Dartmoor's bogs are drying out

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DARTMOOR IS drying out. One of our last upland wildernesses is under serious ecological threat as years of landscape abuse take their toll with wide-reaching implications for plant, animal and human life.

The moor's protective top layers - a blanket bog underlain with a seam of peat - has always been an excellent water retainer - "nature's sponge" locals call the moor - but the combined efforts of over-grazing of cattle, over-burning and prolonged use as a military firing range have all torn swathes of skin from the moor's back.

On certain parts of the moor, especially in the east and south where the high country rolls off to the coastal plain, the scars are starting to show. Harford Moor is one patch being watched with particular interest.

Dartmoor is an internationally important habitat and the flora and fauna that live there are under threat as their sustaining bog disappears. As well as the cattle, sheep and the moor's famous ponies, it is a vital nesting sight for dunlin (only a handful of breeding pairs remain), and home to bog orchids and several species of rare dragonfly, including the keeled skimmer.

Local people have gone on about the moor drying out for years. Many say parts which were once off-limits to horse-riders for fear of the bog swallowing them up are now solid dried peat that will take the weight of the heaviest horse. The first scientific evidence, however, is just emerging.

Andrew Williams, a reader in soil and water management at Plymouth University, andErik Meyles, a PhD student from the Wageningen Agricultural University in the Netherlands, have found the speed at which rainwater is running off the moor has increased, so less is soaking into the peat. The result is drier, less healthy upland and more risk of flash floods in the rivers that rise on the moor. These include the Dart, the Teign and the Taw.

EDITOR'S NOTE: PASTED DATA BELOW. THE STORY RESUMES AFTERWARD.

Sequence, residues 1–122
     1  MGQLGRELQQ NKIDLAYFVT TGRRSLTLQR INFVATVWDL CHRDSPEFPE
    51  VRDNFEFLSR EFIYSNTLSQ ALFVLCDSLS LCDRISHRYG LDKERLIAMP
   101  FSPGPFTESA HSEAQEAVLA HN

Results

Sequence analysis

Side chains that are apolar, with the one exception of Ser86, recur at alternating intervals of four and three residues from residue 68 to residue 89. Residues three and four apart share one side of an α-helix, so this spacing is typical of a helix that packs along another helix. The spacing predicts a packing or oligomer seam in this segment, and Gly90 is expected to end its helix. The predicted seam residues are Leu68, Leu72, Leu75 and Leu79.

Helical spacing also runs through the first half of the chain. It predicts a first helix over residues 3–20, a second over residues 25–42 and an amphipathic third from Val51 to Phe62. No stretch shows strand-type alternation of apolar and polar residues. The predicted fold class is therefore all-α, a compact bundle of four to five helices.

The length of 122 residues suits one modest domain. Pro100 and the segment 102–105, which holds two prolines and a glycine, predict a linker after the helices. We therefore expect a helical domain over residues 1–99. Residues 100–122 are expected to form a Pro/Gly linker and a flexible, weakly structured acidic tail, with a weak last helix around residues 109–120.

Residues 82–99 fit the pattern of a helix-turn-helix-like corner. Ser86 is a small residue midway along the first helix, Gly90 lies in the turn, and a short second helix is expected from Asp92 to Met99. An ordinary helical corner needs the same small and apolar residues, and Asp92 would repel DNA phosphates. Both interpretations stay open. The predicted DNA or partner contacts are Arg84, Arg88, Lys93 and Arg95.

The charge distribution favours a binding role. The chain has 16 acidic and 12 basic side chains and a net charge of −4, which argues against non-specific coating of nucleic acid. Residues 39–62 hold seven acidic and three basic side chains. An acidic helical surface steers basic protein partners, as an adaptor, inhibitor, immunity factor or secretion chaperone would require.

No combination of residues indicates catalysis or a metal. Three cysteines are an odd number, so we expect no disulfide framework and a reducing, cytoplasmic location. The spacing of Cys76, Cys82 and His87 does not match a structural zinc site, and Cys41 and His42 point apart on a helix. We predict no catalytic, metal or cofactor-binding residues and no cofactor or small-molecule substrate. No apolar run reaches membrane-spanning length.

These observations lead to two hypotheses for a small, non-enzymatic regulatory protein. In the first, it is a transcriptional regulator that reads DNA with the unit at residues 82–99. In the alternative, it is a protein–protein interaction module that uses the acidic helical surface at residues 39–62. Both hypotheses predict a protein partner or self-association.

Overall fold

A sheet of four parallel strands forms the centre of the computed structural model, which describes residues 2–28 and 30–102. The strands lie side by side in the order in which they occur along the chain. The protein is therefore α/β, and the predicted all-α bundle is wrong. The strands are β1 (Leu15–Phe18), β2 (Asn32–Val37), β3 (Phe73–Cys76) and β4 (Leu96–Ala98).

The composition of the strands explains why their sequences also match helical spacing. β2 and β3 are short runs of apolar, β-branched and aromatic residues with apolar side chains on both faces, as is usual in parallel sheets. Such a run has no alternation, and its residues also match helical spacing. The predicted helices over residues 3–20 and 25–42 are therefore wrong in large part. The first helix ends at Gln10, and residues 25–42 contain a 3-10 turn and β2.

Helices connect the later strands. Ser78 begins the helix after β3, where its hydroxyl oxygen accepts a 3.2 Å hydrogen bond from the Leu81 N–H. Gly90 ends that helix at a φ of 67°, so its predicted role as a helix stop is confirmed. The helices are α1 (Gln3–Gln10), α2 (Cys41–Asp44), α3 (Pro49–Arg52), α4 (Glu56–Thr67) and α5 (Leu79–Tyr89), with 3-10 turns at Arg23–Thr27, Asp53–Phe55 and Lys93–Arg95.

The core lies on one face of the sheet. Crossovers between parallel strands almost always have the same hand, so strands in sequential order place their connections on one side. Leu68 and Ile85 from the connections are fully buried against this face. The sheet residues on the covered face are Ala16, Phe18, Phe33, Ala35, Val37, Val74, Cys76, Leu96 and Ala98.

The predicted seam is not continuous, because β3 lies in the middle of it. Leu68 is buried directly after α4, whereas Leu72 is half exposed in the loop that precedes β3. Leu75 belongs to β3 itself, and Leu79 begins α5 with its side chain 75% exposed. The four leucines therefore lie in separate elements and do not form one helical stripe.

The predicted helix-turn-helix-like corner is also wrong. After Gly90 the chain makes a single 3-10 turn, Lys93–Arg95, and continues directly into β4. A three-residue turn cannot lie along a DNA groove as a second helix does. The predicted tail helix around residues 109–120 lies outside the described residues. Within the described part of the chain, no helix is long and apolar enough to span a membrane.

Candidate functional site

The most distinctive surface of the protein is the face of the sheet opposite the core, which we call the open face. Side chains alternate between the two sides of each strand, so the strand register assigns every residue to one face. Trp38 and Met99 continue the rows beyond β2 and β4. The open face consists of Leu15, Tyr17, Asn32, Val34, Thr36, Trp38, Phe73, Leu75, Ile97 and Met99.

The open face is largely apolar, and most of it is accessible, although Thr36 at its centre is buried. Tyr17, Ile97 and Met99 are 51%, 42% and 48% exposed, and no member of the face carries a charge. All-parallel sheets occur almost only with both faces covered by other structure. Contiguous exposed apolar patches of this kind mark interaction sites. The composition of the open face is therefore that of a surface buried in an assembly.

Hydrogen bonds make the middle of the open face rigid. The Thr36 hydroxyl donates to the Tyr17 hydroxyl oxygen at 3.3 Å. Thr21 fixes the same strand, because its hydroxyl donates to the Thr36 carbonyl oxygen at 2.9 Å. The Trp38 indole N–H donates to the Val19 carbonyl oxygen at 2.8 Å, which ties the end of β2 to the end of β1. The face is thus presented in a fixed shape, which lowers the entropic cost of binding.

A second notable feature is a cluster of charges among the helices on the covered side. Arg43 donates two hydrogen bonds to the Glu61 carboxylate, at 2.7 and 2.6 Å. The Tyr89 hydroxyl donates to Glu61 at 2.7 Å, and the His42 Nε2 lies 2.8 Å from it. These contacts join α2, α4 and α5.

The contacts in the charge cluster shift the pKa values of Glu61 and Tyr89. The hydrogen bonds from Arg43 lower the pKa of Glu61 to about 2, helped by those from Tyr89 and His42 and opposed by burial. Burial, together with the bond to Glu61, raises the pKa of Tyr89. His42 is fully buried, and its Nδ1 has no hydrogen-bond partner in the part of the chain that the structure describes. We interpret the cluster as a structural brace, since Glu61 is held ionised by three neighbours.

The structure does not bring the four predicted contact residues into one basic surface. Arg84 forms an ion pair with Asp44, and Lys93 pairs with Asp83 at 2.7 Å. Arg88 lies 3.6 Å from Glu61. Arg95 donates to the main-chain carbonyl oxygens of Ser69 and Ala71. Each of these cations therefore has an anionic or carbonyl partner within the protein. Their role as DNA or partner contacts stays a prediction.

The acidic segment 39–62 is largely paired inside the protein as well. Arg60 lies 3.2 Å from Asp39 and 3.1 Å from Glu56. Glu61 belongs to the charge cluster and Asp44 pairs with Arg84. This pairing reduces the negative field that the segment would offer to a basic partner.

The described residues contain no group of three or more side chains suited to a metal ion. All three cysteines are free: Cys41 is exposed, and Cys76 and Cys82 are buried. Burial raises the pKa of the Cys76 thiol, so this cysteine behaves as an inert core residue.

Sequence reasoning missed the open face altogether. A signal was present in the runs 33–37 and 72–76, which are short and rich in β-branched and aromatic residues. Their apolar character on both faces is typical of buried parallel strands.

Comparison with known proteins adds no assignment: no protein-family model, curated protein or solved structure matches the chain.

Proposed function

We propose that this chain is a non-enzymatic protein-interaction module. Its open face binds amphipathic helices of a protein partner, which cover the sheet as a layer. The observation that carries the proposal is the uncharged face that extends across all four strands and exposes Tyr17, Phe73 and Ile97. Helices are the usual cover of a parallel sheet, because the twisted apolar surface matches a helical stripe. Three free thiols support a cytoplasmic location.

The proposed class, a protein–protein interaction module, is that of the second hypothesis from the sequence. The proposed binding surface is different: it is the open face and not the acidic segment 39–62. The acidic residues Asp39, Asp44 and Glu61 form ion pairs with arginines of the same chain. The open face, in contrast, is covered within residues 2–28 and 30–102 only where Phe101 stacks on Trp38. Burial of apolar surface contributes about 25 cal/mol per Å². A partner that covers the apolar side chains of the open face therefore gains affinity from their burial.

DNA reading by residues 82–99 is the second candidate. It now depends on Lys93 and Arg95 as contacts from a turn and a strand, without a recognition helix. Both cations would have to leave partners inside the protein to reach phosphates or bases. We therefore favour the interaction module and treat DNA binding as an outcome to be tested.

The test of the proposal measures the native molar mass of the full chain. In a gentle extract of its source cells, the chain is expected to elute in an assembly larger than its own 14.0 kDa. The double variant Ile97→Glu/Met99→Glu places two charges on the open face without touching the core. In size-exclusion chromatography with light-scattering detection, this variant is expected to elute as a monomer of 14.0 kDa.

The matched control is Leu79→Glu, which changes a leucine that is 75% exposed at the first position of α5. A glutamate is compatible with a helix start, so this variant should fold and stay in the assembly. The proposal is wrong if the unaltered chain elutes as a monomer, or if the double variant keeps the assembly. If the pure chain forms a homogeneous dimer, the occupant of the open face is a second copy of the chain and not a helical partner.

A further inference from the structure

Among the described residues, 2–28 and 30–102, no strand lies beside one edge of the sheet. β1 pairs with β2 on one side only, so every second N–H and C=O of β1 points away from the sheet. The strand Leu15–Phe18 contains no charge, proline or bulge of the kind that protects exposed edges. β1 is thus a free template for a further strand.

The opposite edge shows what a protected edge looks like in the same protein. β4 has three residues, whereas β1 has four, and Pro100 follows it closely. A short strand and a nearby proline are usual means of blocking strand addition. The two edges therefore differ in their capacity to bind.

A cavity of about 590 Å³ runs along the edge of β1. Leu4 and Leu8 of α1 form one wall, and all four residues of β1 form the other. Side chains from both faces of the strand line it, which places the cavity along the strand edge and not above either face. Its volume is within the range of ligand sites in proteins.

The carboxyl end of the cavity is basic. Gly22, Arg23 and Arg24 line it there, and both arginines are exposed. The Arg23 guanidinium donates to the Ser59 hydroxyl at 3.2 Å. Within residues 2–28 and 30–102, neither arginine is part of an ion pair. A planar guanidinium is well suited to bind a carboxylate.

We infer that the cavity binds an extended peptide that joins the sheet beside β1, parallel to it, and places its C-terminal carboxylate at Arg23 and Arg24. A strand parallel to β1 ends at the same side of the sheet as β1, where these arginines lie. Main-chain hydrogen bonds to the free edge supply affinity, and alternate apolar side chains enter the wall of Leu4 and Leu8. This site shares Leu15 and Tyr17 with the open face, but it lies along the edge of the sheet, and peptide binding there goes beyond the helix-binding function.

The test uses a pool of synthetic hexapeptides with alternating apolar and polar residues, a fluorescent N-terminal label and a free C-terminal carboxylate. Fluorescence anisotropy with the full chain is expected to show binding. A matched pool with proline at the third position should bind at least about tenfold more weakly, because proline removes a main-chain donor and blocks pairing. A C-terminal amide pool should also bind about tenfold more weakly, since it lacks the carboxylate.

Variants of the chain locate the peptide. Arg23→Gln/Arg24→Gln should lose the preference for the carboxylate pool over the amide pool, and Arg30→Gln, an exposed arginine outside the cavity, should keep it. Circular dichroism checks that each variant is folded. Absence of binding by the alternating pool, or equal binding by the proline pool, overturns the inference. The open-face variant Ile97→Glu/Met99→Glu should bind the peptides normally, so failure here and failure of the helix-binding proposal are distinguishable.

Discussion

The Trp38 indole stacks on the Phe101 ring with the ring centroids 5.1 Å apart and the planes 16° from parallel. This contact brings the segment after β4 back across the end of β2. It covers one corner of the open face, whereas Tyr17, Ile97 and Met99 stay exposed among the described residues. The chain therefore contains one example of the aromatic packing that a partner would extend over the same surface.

But the scientists have found something else which is adding to the problem.

"If you remove the heather or change the vegetation, the soil temperature will increase by one or two degrees as it is being subjected to more direct sunlight and there is less organic matter to retain moisture," said Dr Williams.

With such tinder-dry conditions, over-zealous burning, or "swaling", by well-intentioned farmers has had catastrophic results. As Dr Rob Wotton of English Nature explained, farmers frequently burn parts of the moor to clear dead grass and allow new growth, and utilise the ash as a natural fertiliser, "but unfortunately it has been unregulated and unplanned".

No one is pointing the finger of blame for the state of the moor but an urgent review of agricultural practices among the moor commoners (those who have rights to farm privately owned land) is being drawn up. Between 1952 and 1994 the moor beef herd increased 10-fold to 20,000 and the numbers of ewes increased three-fold to 132,000.

Even the Commoners' own representative, Professor Roy Brown, an expert in countryside management, admitted things must change.

"There has been serious over-grazing and it has to be dealt with," he said. "Once these lands dry out they do not always re-wet easily. Instead they dehydrate, so it's not just a matter of pouring water back in and hoping everything will be all right. It is probably a one-way process."